To the Editor.—
In a recent article in the Archives (1982;39:33-36) Fisher described a patient who, after a right parieto-occipital infarct demonstrated by computed tomographic (CT) scan, showed an isolated "disorientation for place." He raised the possibility of a relationship between spatial disorientation and topographic disorientation and stated that "only one article mentioned disturbances of orientation for place in association with focal brain lesions, that of Weinstein and Kahn...." We have also reported such a case.1,2
Report of a Case.—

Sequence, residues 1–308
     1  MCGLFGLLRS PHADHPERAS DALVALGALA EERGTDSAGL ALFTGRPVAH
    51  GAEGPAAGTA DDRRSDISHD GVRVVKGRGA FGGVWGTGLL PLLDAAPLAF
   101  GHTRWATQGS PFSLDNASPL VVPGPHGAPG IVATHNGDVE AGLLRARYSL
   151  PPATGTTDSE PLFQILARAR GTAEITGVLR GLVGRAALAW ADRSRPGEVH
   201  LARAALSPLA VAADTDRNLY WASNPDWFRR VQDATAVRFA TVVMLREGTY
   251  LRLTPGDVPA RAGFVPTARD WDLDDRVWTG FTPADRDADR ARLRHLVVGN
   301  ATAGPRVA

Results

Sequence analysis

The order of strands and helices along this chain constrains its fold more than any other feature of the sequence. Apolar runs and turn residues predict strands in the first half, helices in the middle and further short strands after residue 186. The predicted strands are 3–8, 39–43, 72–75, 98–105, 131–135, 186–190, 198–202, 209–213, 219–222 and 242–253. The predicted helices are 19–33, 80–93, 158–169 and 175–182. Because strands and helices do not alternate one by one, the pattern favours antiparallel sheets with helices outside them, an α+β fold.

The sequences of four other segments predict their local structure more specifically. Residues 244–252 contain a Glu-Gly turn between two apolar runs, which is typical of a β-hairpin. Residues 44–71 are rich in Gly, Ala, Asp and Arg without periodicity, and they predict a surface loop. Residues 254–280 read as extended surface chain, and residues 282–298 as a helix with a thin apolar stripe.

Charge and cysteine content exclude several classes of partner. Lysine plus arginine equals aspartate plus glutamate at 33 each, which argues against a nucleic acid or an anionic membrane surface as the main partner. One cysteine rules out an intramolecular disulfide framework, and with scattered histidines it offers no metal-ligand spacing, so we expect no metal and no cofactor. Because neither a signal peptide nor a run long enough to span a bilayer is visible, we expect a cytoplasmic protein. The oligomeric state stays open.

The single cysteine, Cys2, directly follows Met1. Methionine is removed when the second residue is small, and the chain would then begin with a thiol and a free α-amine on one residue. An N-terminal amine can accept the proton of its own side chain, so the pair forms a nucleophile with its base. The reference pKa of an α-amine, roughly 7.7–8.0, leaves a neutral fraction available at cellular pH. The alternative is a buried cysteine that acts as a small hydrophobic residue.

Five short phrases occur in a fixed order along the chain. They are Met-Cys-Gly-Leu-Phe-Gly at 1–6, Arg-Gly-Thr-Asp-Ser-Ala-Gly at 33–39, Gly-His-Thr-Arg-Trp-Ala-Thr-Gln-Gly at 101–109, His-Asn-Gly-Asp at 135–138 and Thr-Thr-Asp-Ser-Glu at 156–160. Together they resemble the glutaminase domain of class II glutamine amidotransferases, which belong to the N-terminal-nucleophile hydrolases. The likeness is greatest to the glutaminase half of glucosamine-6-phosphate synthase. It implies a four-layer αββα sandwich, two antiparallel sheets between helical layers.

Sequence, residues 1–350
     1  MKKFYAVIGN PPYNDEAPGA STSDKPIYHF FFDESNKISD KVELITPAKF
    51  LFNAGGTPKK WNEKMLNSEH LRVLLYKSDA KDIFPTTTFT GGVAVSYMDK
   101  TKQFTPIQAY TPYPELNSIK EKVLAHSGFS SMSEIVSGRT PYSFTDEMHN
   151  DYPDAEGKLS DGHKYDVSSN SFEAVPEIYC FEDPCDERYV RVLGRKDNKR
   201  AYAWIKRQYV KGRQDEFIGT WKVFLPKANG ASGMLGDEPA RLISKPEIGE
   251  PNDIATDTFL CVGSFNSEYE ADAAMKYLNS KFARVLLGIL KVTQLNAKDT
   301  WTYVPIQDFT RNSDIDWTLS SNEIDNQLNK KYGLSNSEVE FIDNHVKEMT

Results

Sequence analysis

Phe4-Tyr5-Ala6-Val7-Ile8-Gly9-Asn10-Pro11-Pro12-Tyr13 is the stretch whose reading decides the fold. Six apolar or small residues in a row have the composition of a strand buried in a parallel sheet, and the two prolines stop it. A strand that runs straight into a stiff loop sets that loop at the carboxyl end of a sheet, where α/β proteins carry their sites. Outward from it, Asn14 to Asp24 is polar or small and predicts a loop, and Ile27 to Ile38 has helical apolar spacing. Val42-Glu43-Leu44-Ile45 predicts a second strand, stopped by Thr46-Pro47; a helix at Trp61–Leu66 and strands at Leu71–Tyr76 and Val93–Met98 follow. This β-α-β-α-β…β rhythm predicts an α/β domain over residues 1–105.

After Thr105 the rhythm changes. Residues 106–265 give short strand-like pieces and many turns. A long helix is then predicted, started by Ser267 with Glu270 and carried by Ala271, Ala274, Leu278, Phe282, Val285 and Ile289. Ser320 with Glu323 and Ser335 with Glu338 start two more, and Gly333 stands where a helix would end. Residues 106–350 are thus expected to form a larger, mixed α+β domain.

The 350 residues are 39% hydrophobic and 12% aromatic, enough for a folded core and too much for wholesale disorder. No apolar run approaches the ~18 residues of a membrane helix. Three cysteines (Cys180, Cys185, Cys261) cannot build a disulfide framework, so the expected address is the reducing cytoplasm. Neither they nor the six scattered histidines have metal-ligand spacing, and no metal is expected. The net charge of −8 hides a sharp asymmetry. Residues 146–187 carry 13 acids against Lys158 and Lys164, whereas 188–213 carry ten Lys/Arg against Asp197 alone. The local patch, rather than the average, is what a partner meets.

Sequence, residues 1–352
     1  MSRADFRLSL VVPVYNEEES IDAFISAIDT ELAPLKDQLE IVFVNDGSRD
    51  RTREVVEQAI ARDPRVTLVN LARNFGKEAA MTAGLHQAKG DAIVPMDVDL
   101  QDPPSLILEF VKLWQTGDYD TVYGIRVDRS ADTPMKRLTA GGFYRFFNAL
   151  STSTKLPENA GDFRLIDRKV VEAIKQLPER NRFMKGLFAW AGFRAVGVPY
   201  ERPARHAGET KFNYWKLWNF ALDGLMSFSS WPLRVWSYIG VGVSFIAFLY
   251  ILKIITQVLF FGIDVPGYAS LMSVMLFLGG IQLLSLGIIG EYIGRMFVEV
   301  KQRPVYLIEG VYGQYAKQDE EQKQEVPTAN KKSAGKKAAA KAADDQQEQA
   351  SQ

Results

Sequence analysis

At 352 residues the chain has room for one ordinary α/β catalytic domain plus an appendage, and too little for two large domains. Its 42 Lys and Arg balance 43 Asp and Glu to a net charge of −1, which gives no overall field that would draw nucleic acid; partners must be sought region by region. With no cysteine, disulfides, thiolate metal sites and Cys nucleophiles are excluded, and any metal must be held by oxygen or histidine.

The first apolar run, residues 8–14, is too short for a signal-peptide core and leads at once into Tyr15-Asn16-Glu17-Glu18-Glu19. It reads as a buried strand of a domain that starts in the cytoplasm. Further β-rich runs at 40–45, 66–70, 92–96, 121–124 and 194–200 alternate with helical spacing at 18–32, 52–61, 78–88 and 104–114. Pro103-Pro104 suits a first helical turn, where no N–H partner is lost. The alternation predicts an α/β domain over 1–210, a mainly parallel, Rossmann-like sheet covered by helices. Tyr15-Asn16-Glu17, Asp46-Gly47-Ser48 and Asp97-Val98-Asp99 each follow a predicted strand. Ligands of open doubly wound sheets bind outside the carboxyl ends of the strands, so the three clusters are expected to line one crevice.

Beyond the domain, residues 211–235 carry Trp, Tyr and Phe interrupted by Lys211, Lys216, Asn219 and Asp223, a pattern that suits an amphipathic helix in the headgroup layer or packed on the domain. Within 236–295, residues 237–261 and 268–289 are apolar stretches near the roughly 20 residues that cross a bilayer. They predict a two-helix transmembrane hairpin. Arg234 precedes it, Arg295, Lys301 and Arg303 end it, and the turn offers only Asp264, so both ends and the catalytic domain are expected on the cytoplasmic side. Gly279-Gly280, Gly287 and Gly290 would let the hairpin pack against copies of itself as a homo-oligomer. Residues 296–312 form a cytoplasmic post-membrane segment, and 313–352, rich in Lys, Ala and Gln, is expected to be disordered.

A 72-year-old right-handed man was admitted to the hospital because of his peculiar behavior since an abdominal operation five months earlier. He exhibited a topographic disorientation, getting lost in his home and in town, and a spontaneous spatial confabulation; he firmly believed that he had moved to his childhood home in another town, and accused his wife of having repaired it during his absence. Chief findings were a loss
Vighetto A, Aimard G. Spatial Confabulation. Arch Neurol. 1982;39(10):674. doi:10.1001/archneur.1982.00510220072027
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